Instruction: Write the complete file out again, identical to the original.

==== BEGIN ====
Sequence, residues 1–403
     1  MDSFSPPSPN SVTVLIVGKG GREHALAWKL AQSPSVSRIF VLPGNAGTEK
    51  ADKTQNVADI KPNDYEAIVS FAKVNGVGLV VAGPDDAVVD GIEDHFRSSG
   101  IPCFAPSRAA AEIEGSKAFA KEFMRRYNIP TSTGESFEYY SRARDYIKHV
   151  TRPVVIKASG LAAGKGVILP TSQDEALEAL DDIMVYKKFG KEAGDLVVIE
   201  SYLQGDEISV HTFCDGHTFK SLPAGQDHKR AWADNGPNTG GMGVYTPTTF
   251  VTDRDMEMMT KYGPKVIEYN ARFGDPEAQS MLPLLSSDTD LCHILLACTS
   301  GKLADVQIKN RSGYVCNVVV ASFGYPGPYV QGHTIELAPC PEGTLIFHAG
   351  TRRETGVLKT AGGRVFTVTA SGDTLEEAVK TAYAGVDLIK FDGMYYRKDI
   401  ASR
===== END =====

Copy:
Sequence, residues 1–403
     1  MDSFSPPSPN SVTVLIVGKG GREHALAWKL AQSPSVSRIF VLPGNAGTEK
    51  ADKTQNVADI KPNDYEAIVS FAKVNGVGLV VAGPDDAVVD GIEDHFRSSG
   101  IPCFAPSRAA AEIEGSKAFA KEFMRRYNIP TSTGESFEYY SRARDYIKHV
   151  TRPVVIKASG LAAGKGVILP TSQDEALEAL DDIMVYKKFG KEAGDLVVIE
   201  SYLQGDEISV HTFCDGHTFK SLPAGQDHKR AWADNGPNTG GMGVYTPTTF
   251  VTDRDMEMMT KYGPKVIEYN ARFGDPEAQS MLPLLSSDTD LCHILLACTS
   301  GKLADVQIKN RSGYVCNVVV ASFGYPGPYV QGHTIELAPC PEGTLIFHAG
   351  TRRETGVLKT AGGRVFTVTA SGDTLEEAVK TAYAGVDLIK FDGMYYRKDI
   401  ASR